12:33 GMT +324 July 2019
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    An annular solar eclipse in seen from Machida, on the outskirts of Tokyo

    Rare Solar Eclipse

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    A rare solar eclipse began on Friday enabling skywatchers in Europe, North Africa, and northern regions of Asia to experience a total or partial midday darkness.

    MOSCOW (Sputnik) The rare event is live-streamed by the Slooh Community Observatory from the Faroe Islands, where the eclipse made its first landfall at around 08:38 GMT. The Faroes and the Norwegian island of Svalbard are the only sites that will see a total eclipse during the event. Complete darkness will encompass the Faroe Islands at 09:41 GMT.

    In the United Kingdom, the eclipse will be at its deepest around 09:35 GMT. The country won’t see another eclipse up until 2090.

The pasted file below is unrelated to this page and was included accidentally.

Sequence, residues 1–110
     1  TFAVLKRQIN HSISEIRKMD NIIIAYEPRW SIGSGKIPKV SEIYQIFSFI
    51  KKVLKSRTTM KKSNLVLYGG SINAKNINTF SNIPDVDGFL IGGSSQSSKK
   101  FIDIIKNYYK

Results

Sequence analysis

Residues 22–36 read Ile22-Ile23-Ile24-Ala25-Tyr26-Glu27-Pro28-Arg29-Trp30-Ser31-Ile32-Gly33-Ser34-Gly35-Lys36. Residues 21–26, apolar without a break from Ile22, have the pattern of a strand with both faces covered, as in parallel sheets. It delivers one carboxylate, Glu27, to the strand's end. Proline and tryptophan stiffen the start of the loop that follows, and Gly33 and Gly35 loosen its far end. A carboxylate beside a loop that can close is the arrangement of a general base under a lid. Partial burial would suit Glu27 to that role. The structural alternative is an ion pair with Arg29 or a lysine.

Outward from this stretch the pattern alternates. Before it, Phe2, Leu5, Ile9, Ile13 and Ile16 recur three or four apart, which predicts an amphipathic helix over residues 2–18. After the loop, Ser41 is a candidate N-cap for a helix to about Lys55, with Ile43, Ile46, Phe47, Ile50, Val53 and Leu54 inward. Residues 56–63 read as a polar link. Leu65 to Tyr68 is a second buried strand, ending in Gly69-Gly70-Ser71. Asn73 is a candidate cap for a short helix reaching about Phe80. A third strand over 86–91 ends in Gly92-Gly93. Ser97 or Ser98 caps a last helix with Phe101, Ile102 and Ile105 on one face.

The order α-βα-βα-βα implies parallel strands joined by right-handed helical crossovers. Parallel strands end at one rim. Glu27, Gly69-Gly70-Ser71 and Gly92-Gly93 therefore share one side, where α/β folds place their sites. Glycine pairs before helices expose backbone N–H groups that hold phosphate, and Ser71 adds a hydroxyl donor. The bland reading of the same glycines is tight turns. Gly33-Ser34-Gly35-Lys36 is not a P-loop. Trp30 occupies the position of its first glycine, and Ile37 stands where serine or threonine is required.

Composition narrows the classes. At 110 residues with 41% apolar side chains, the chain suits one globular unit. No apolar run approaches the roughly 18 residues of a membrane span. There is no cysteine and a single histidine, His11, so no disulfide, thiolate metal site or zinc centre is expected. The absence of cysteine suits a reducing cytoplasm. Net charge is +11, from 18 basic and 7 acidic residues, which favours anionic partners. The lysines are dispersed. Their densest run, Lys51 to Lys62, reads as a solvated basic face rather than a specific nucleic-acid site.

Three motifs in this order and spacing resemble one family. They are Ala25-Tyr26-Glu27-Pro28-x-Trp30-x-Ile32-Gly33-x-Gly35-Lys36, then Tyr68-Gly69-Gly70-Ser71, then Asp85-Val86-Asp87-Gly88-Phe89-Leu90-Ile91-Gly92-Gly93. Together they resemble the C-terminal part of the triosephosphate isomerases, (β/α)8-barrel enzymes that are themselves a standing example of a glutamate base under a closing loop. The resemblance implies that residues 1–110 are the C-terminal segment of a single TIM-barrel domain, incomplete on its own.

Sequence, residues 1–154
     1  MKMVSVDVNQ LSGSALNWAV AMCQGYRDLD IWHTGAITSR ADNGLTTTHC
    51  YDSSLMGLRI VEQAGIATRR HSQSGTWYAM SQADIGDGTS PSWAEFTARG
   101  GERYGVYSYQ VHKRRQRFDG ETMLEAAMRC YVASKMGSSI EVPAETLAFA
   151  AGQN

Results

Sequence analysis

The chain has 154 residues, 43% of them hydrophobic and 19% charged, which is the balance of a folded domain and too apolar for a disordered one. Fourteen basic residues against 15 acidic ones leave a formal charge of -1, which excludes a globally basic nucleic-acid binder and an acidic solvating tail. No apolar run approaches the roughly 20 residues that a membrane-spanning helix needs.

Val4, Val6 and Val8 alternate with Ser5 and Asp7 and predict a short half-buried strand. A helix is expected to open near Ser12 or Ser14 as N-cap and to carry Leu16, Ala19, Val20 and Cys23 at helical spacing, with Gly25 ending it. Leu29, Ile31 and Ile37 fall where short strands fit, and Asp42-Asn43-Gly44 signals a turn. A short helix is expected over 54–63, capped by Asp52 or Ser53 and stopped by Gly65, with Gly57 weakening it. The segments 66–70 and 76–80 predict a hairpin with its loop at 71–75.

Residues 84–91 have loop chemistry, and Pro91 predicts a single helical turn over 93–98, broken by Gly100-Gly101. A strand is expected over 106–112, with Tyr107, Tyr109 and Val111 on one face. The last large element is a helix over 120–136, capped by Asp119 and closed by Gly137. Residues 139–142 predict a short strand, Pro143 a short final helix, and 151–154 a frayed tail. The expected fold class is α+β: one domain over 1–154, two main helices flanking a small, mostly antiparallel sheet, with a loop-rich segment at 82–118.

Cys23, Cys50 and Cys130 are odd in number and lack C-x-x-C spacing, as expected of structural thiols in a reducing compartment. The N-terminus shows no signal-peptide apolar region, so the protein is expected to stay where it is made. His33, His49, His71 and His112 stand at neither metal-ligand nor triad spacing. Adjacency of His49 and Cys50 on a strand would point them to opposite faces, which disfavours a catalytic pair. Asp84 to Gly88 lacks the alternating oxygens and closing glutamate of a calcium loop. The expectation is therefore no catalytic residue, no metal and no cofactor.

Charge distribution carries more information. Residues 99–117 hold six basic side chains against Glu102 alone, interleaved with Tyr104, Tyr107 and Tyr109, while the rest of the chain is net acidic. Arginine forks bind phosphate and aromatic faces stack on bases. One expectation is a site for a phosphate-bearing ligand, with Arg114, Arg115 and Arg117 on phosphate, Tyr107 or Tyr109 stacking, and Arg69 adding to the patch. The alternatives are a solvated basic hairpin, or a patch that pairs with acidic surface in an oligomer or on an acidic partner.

Germany lost 70% of its solar power as the result of the eclipse.

    In Moscow, the eclipse will begin at 09:13 GMT, and reach its fullest at 10:20. Friday’s partial solar eclipse is the largest for the northwestern areas of the country since 1999. The next solar eclipse will be seen in Moscow in 2026. 

    Total solar eclipses occur when the Moon passes between the Sun and Earth, blocking sunlight from reaching the surface of the Earth.

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      Rare Solar Eclipse
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    © Sputnik / Alexei Danichev
    Rare Solar Eclipse

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